Floreat Lux is a literary novel concerned with prophecy; its incisive cast ruminates their way through Western history.
In Robert Brace’s layered novel Floreat Lux, an investigation into a chief justice’s death prompts a cosmological search.
Sabrina is a law student; she was the favorite assistant of Justice Scaglietti, who admired her work ethic, youth, and beauty. Upon his sudden death, Sabrina is asked to weed scandalous and sensitive material out from his papers. At the same time, she receives a mysterious invitation to go to England. It comes from a lawyer, Ravenscroft, on behalf of his client, Bronaryre, who has lived centuries and acted as a spy, an academic, and an entrepreneur. Though Sabrina probes into Scaglietti’s papers and the cause of his death, she also accepts a job offer to teach at a new floating university. She is to be Bronaryre’s scribe…and more.
The book’s organization illustrates its philosophical and literary foundations. Its first twenty-seven chapters are sequential, following Sabrina’s introduction to Ravenscroft, Bronaryre, and her new colleagues. Its second half is divided into nine circles, with subsections that mimic Dante’s Inferno. These longer, intricate segments focus on hallucinogenic experiences, through which Bronaryre shows Sabrina elements of his life projects, drawing possible connections to Scaglietti. The final circle sets Bronaryre’s dramatic vision in motion. The numbering system includes breaks that prove necessary within the complex plot.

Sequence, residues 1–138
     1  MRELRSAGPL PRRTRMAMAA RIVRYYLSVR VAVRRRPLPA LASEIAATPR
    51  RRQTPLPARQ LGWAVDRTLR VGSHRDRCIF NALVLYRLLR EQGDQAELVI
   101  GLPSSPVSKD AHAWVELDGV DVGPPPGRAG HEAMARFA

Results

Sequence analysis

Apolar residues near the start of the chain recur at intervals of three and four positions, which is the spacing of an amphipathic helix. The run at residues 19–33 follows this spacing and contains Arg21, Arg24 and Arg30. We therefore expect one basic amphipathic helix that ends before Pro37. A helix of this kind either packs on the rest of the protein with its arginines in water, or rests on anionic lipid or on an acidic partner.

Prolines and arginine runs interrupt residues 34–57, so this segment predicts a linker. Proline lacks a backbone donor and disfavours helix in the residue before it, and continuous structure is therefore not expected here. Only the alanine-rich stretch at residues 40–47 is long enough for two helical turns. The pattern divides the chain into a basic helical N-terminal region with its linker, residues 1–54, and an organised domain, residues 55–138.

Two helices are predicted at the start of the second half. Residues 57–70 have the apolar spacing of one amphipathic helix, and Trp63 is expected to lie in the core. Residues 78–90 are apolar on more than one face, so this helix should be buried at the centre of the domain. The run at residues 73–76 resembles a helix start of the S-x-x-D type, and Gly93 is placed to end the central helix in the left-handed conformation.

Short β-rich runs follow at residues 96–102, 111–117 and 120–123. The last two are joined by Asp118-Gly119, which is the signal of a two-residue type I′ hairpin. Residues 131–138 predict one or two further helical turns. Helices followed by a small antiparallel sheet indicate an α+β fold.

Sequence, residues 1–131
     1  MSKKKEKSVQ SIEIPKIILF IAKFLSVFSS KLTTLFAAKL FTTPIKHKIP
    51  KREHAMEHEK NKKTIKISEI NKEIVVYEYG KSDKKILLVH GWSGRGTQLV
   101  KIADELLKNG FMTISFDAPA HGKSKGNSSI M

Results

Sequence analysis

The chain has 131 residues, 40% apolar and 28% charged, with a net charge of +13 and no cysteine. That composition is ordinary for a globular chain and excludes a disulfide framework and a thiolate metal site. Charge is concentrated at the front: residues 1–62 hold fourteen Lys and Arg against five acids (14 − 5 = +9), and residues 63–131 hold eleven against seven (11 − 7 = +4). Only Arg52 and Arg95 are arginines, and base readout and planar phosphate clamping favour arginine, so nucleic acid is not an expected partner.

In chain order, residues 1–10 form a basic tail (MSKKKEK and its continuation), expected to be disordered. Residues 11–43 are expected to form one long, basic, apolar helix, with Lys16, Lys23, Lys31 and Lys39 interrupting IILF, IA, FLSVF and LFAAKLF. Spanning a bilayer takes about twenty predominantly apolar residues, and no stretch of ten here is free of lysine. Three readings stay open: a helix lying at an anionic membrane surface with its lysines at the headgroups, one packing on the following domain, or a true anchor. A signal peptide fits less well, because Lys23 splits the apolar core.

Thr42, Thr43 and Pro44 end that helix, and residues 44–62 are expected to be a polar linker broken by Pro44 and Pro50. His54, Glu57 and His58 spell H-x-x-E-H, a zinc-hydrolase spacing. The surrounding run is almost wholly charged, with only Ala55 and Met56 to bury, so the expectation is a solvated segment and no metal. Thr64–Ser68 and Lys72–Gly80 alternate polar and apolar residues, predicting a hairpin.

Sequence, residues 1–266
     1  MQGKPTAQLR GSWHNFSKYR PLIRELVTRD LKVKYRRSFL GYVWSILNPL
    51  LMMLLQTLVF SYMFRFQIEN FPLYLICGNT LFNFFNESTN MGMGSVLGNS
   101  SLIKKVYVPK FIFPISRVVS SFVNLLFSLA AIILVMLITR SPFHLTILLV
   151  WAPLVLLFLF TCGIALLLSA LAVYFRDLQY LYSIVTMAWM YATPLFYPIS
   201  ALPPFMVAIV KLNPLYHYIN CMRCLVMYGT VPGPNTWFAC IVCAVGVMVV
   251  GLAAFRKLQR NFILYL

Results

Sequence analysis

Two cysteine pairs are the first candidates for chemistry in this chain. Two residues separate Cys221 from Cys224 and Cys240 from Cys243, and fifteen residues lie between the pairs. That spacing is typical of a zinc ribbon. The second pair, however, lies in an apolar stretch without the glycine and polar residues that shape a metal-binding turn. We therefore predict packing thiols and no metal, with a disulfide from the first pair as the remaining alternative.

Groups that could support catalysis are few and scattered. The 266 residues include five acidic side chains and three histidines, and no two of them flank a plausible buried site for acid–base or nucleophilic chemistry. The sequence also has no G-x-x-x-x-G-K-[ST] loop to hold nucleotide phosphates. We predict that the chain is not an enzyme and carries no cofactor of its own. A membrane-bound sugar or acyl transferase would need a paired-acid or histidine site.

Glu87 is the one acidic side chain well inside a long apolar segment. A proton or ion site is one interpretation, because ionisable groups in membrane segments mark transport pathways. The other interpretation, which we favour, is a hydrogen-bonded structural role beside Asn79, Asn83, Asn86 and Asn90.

Ultimately, Sabrina’s function is to illuminate others’ lives. She is defined by her searches for knowledge, in which she takes risks: traveling alone, doing drugs, and accepting all-consuming assignments. Even her journal is scientific in tone, recording clues about Scaglietti’s death and who Bronaryre is. But once the circumstances of Scaglietti’s death are clear, his story line is dropped. Even Sabrina recedes once Bronaryre is present; the story takes the tone of a philosophical treatise, covering the Knights Templar, British history, the decline of democracies and Christianity, and an alternative theology of the devil.
Literary and rhetorical to complement its academic cast, the book is given to long descriptions of historical buildings; landscapes in Oxford, London, and New York; and lush details about plants and food. The scenes featuring drug use, witchcraft, and the occult are more otherworldly in tone, though, and the passages that involve sadistic sexual practices are disturbing. But once Bronaryre convinces Sabrina that they share the same outlook, the book moves toward a theatrical celebration of what like minds can accomplish.
Floreat Lux is a literary novel concerned with prophecy; its incisive cast ruminates their way through Western history to arrive at an alarming prediction for the future.
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